Regulations considered for use of jailhouse informants

A bill that would require increased transparency in the use of jailhouse informants was considered by the Judiciary Committee March 6.

<a href='' target='_blank' title='Link to the website of Sen. Adam Morfeld'>Sen. Adam Morfeld</a>
Sen. Adam Morfeld

LB352, sponsored by Lincoln Sen. Adam Morfeld, would require each county attorney’s office to maintain a record of each case in which testimony is provided by a jailhouse informant and any benefit or plea deal offered to the informant.

Morfeld said the bill is an important measure that is needed to protect the innocent, crime victims, taxpayers and public safety.

“As you can imagine, the expectation for a reduced sentence or other benefits creates a strong incentive to lie, which can cause a tragic ripple effect in the criminal justice system,” he said. “Jailhouse witness testimony played a role in 159 wrongful convictions in the United States since 1989, harming innocent persons and allowing actual perpetrators to escape justice.”

If a prosecutor intends to use the testimony of a jailhouse informant, he or she would be required to provide certain information to the defense, including:
• the informant’s known criminal history;
• any benefit requested, offered or provided to the informant in exchange for testimony;
• the specific statements the defendant allegedly made to the informant that would be used against the defendant;
• other cases in which the informant testified or intended to testify; and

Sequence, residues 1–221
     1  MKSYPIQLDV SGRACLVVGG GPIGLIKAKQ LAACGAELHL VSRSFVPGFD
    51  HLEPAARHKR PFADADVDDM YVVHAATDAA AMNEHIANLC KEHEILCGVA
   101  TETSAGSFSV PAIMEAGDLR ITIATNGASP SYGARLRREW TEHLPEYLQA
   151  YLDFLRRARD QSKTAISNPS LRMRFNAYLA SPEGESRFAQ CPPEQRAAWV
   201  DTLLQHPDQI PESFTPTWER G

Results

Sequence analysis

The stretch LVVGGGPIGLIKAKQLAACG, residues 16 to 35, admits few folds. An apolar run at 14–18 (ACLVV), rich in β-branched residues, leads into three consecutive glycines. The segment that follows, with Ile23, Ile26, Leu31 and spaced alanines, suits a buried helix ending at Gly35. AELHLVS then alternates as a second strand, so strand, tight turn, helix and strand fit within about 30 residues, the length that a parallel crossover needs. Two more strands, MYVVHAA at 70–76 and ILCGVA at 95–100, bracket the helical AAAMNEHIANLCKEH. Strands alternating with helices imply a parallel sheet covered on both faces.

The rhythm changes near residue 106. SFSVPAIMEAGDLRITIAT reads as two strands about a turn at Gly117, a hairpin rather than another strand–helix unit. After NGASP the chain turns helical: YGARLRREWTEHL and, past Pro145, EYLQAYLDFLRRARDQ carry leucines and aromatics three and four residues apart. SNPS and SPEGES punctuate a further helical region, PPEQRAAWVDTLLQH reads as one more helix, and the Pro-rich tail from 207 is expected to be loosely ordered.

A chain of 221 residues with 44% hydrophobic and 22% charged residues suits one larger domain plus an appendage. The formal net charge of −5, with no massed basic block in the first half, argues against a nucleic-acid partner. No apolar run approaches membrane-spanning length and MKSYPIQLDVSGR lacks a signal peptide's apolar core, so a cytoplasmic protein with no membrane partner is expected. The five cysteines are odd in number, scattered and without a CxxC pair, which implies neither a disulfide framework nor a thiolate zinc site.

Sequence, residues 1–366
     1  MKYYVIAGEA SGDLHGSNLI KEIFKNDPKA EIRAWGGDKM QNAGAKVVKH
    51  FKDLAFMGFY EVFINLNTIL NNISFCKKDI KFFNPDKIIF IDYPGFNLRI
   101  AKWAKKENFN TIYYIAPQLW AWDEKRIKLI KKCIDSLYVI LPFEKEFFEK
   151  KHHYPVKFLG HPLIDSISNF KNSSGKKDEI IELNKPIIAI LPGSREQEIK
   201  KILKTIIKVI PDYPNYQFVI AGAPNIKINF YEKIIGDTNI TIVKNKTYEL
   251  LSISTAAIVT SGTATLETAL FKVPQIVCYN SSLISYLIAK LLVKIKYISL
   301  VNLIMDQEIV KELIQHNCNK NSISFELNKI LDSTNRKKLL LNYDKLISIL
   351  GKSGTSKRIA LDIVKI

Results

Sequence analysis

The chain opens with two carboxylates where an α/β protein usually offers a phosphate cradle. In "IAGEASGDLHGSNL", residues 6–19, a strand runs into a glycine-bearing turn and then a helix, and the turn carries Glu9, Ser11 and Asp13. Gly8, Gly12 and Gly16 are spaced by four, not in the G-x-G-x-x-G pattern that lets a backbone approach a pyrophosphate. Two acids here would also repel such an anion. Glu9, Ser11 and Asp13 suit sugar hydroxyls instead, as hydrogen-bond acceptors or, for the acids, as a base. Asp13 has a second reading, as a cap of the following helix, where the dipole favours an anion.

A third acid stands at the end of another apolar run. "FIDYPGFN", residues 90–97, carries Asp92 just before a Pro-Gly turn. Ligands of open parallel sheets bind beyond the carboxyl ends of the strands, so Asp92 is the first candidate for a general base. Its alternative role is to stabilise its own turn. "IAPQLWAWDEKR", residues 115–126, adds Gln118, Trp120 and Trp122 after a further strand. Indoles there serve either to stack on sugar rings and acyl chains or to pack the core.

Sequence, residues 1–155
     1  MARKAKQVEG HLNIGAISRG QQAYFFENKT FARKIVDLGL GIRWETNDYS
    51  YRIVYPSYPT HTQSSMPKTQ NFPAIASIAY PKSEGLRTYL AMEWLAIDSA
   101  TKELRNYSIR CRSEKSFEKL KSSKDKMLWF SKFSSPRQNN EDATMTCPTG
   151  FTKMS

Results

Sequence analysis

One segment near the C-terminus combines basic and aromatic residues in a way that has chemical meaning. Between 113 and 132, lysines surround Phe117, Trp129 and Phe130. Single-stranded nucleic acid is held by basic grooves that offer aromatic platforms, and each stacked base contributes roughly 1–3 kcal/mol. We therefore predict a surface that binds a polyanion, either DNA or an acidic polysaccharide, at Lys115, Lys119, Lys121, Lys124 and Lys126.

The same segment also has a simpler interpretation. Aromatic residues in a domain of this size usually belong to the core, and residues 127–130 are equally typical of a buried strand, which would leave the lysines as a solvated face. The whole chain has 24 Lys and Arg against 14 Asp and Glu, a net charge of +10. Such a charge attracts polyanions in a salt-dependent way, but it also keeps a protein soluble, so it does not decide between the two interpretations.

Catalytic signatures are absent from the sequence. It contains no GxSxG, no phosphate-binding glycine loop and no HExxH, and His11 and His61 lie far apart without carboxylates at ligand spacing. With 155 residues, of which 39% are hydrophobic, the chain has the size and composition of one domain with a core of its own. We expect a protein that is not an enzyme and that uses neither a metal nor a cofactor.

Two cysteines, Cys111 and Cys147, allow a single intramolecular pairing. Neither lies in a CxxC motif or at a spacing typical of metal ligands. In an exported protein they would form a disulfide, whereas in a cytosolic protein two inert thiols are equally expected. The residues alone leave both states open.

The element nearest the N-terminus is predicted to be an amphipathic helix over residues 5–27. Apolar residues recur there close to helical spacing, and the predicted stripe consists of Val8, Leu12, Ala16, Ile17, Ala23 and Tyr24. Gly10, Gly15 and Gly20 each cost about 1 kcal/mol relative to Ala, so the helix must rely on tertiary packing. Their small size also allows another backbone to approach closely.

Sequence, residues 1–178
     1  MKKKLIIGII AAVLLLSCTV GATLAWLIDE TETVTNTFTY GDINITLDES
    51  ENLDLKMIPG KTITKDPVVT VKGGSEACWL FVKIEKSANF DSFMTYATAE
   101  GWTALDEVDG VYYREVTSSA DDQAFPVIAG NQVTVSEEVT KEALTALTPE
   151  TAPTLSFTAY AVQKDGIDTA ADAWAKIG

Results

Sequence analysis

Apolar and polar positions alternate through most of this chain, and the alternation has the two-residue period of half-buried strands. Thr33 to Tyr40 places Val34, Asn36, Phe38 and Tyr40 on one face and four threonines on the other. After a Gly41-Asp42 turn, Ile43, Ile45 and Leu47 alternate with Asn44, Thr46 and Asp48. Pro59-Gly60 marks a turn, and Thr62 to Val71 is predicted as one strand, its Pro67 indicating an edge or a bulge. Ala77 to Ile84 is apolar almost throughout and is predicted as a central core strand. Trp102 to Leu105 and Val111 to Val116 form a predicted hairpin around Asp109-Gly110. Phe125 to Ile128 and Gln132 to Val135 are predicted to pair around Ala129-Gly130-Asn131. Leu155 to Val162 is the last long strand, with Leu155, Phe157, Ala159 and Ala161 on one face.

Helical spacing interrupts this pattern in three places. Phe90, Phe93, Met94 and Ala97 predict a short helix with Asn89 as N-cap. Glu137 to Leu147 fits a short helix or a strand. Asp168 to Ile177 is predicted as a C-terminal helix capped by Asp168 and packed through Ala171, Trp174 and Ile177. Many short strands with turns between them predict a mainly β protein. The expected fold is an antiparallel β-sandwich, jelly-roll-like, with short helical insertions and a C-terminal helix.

• any case in which the informant recanted testimony against a defendant.

If the court finds by clear and convincing evidence that disclosing such information to the defense would result in bodily harm to or coercion of the informant, the court could allow the prosecutor to redact some or all of the information.

Before testimony of a jailhouse informant would be used, the court would conduct a pre-trial hearing to determine the credibility of such testimony. If a prosecutor fails to show that the testimony is reliable, the court would not allow the testimony at trial.

Michelle Feldman, representing the Innocence Project, spoke in favor of the bill. She said jailhouse witnesses know how to game the system to get reduced sentences and other benefits.

“This bill would make sure that witnesses are telling the truth,” Feldman said. “It’s all about getting it right at trial, otherwise we can have an innocent person being convicted, a guilty person could go free and the victims and their families could be dragged through endless appeals.”

Also speaking in support of LB352 was Rebecca Murray, an associate professor of criminal justice. She said a number of studies suggest—and a number of exoneration cases confirm—that jailhouse testimony often is unreliable.

“This victimizes the person who is wrongly accused and has the potential to re-victimize individuals whose cases might depend on that testimony,” Murray said.

Opposing the measure was Corey O’Brien, speaking on behalf of the state attorney general’s office. The process for using jailhouse informant testimony was reformed in 2009, O’Brien said, with input from the Legislature and criminal defense attorneys.

“It is unclear … what has happened in Nebraska since 2009 that necessitates the changes sought in LB352,” he said. “There have not been cited any cases since 2009 where the use of jailhouse informant testimony resulted in an injustice or wrongful conviction.”

The committee took no immediate action on the bill.

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